Will Technology Save Us?
Ask most Americans what good health care means, and they’re likely to say it’s access to the latest
medical technologies. Designer drugs, reconstructed body parts, exotic surgical techniques, sophisticated
scanning and testing equipment, genetic engineering – we want it all, and we want it all now.
Most of all, we want someone else to pay for it.
Paying the Piper
In contrast to the common assumption that all this innovation is driving up the costs of medical
services, some researchers argue that the quality-adjusted price of medical care is actually falling
over time, as people stay healthier and continue to be productive well past the time when they used
to drop dead from heart attacks, cancer and pneumonia.
Of course, a lower price on the social benefit-cost analysis side of the equation doesn’t
necessarily translate into a healthier bottom line for employers, providers and insurers. A long term
profit to society is someone else’s declining revenue stream or prohibitive capital investment. Whether
we spend 14 percent or 25 percent of our GDP on health care, somebody has to pay the piper.
Meanwhile, rapacious marketing, the latest advocate group du jour, and imbalances in America’s health
care system conspire to mask the ambivalences and ambiguities in our love affair with medical
For example, advertisers condition us to look for a technological fix for every medical problem., when
it’s often more cost effective to address the underlying problem itself. This is the guy with heart
disease who thinks he can continue to eat cheeseburgers so long as he takes a Lipitor chaser. He could
change his diet and exercise more, but where is the profit in that for the advertiser?
Or consider the case documented in an September/October 2001 Health Affairs article by Harvard
researchers about the controversy of treating breast cancer with high doses of chemotherapy and autologous
bone marrow transplants, coverage for which is high on the agenda of a well financed breast cancer lobby,
but with clinical results that have gone "from guarded to bleak." Add expensive litigation by
patients who were denied coverage, and it’s not too surprising to see health plans add the treatment to
their coverage, "notwithstanding doubts about its benefits."
The Logic of the System
Then there’s what passes for the "logic" of America’s health care system. In the same issue
of Health Affairs, J.D. Kleinke outlines profit seekers in opposing corners of the marketplace:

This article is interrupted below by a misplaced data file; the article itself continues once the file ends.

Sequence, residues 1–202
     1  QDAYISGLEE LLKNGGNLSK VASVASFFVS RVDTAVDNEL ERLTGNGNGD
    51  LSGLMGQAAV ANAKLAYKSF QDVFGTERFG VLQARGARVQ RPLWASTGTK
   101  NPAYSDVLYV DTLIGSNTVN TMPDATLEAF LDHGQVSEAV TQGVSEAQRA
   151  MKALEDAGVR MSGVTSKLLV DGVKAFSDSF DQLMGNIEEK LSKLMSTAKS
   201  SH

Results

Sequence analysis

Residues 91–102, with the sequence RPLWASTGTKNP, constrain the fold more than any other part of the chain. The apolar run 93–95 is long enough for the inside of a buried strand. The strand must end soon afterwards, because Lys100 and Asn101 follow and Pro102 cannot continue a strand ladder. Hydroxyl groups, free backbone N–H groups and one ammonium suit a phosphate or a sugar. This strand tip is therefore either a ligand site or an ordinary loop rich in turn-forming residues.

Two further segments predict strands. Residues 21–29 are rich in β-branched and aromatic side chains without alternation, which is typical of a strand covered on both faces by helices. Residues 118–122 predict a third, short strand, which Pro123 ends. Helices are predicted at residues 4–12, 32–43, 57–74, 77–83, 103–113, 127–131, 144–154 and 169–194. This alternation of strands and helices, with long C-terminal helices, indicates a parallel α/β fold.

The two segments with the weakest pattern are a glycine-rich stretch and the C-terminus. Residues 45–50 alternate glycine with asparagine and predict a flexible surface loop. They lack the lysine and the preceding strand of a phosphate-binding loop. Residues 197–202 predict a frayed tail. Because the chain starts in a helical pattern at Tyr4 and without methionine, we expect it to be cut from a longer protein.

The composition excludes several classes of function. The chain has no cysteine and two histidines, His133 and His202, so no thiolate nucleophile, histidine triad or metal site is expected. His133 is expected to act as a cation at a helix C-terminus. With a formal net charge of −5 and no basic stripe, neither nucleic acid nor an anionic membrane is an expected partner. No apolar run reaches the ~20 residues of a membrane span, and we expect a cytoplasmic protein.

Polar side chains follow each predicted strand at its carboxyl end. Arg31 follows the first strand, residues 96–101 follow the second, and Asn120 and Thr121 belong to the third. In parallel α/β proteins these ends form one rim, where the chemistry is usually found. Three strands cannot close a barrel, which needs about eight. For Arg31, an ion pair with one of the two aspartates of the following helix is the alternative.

"Drug companies are rewarded for inducing demand for drugs, regardless of long-term economic
value; insurers are rewarded for constraining that same demand, regardless of long-term economic
value." This schizoid structure is repeated in public attitudes about access to pharmaceuticals:
By all means we should let a free market of competing profit-seeking companies create the latest and
greatest drugs, but then all of us – and especially those on Medicare and fixed incomes – should get
these drugs on the cheap in a tightly regulated system.
Clearly we’re moving from a health care system based on labor to one based on technology. It’s not
too different from the direction of the rest of the "new economy," and in the future we can
presumably look forward to encounters with automated clinical diagnostic and prescription dispensing
systems, brokered by "warm" facilitators and "high touch" encounters to remind us
that we’re still human after all.
But as we march forward into this brave new world, we should remember that although we might
stay healthier longer, we won’t stay healthy forever. There’s an endgame in the social cost/benefit
analysis of medical technology, and it comes when the cost of keeping someone alive is greater than
the benefit of simply letting them live. A free market of high tech care works well for those with
resources, but it leaves out millions of citizens with disabilities and chronic conditions who are
unable to pay their way by themselves.
America will have health care rationing in any event. The issue is whether we have the political
and moral will to do it with foresight and compassion, or whether we will continue to believe, as many
do now, that science and the unfettered progress of the marketplace will save us.
Feedback? Send it my way: Roger.Hughes@slhi.org.
*The Drift reflects the views of the author, and does not represent the official view of SLHI’s Board of Trustees and staff.